I can only speak for myself but I feel pretty much the same as Updike and mostly agree with the full quote below which is taken from an interview with Lev Grossman in Time magazine in 2006 (you can find the whole interview here)
I think America is an increasingly book-free country. In the world of my boyhood, there were books everywhere. Your piano teacher had books, and there were lending libraries everywhere–your department store had a lending library. Books are still bought, and you see them being read in airplanes, but it’s a last resort, isn’t it? And the category of “literary fiction” has sprung up recently to torment people like me who just set out to write books, and if anybody wanted to read them, terrific, the more the merrier. But now, no, I’m a genre writer of a sort. I write literary fiction, which is like spy fiction or chick lit. I was hoping to talk to America, like Walt Whitman, you know? Address it and describe it to itself.
I have seen quite a few debates circling around the questions about the end of literature and/or what “literature and literary fiction” means. Is it so-called literary fiction that is about to end? The modernist novel? Surely nobody can say that story telling will end? And what is literary fiction anyway? Isn’t that an absurd expression? For me, being a French/German native speaker the term “literary fiction” is an oddity. In French and German it is much more pragmatic. Literature is pretty much the same as what English-speaking people call literary fiction. If you want to be precise you can add “demanding”, “challenging” or “sophisticated” or to describe the opposite “entertainment”. Or you can add a school or movement like “nouveau roman” which already excludes “genre”. But that seems to be a continental European perception.
Lately I came across a term I found even more absurd “literary genre”. It was used for books like Jamie Ford’s Hotel on the Corner of Bitter and Sweet. In German we would call that “gehobene Unterhaltungsliteratur” , meaning sophisticated entertainment literature. It’s a term used to tell the interlocutor that you’re not exactly reading trash, but nothing too demanding either.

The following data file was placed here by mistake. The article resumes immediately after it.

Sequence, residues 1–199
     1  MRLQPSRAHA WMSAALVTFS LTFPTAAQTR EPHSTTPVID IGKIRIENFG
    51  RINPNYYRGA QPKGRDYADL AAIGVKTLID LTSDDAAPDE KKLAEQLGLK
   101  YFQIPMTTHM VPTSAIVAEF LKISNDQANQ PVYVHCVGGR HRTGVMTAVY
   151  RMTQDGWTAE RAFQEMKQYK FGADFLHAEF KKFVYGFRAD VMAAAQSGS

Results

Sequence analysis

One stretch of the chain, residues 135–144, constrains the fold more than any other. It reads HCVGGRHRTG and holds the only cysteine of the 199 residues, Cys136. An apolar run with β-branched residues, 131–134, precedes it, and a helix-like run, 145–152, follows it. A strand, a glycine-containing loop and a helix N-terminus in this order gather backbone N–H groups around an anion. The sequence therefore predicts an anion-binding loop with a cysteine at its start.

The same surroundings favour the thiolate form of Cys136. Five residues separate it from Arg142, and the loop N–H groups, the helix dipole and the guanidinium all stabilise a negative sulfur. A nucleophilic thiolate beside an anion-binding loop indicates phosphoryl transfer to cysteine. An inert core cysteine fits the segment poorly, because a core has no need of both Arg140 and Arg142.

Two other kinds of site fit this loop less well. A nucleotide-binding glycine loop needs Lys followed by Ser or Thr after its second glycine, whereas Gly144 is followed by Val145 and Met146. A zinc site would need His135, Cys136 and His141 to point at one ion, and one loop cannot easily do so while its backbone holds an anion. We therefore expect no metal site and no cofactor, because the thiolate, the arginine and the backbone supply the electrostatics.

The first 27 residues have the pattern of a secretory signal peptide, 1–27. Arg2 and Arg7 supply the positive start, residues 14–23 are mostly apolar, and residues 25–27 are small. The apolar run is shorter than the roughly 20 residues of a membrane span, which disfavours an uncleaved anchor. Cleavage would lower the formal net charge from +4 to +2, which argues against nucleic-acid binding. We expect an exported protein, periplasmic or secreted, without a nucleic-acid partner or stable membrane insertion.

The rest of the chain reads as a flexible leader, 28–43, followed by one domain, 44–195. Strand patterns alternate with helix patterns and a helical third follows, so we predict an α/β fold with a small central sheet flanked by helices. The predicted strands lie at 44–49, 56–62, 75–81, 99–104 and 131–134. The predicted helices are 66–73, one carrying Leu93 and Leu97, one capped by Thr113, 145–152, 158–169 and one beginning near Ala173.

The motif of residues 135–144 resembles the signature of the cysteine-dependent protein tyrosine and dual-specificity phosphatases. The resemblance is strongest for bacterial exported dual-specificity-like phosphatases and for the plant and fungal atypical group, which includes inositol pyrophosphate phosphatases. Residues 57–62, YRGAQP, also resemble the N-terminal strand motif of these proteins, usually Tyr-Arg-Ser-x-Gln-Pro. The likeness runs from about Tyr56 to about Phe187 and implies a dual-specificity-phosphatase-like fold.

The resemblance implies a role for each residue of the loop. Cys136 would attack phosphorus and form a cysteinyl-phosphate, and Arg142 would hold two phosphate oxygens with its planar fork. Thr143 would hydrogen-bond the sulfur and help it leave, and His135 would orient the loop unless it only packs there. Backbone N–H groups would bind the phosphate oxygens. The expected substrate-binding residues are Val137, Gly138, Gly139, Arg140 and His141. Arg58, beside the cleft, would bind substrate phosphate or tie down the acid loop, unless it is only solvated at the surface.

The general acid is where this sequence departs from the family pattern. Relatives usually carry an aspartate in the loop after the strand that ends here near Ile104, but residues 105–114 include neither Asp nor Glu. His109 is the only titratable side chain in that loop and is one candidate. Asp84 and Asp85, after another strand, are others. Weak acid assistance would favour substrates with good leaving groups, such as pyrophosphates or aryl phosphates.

In his extremely interesting book Writing 21st Century Fiction (I’ll need to review that some day), literary agent and writer Donal Maass argues that “literary genre” is the thing of the moment. I’d say it’s nothing new, it’s just another word for bestseller or mainstream fiction. Because being slightly more literary than the average genre novel, without being crime/fantasy or romance, but accessible and well constructed, has always been the recipe for bestsellers.
In any case, literature is still alive and kicking, whether genre or literary. What seems to be dying is the patience of the reader, hence the popularity of so-called “readable” fiction, which means a lot of different things like simple sentences, short paragraphs, many chapters etc. Probably one of the many legacies of TV and other newer media that can be asborbed quickly. It’s no surprise that a lot of the current bestellers have been written by MFA graduates. They are well-constructed, have a stronger emphasis on metaphors and similes and take the short attention span of the reader into consideration.
Do you agree with Updike? Do you think literature is dying? And what about the terms literary fiction and literary genre?
My cat, as you can see, couldn’t care less. Maybe he has a point.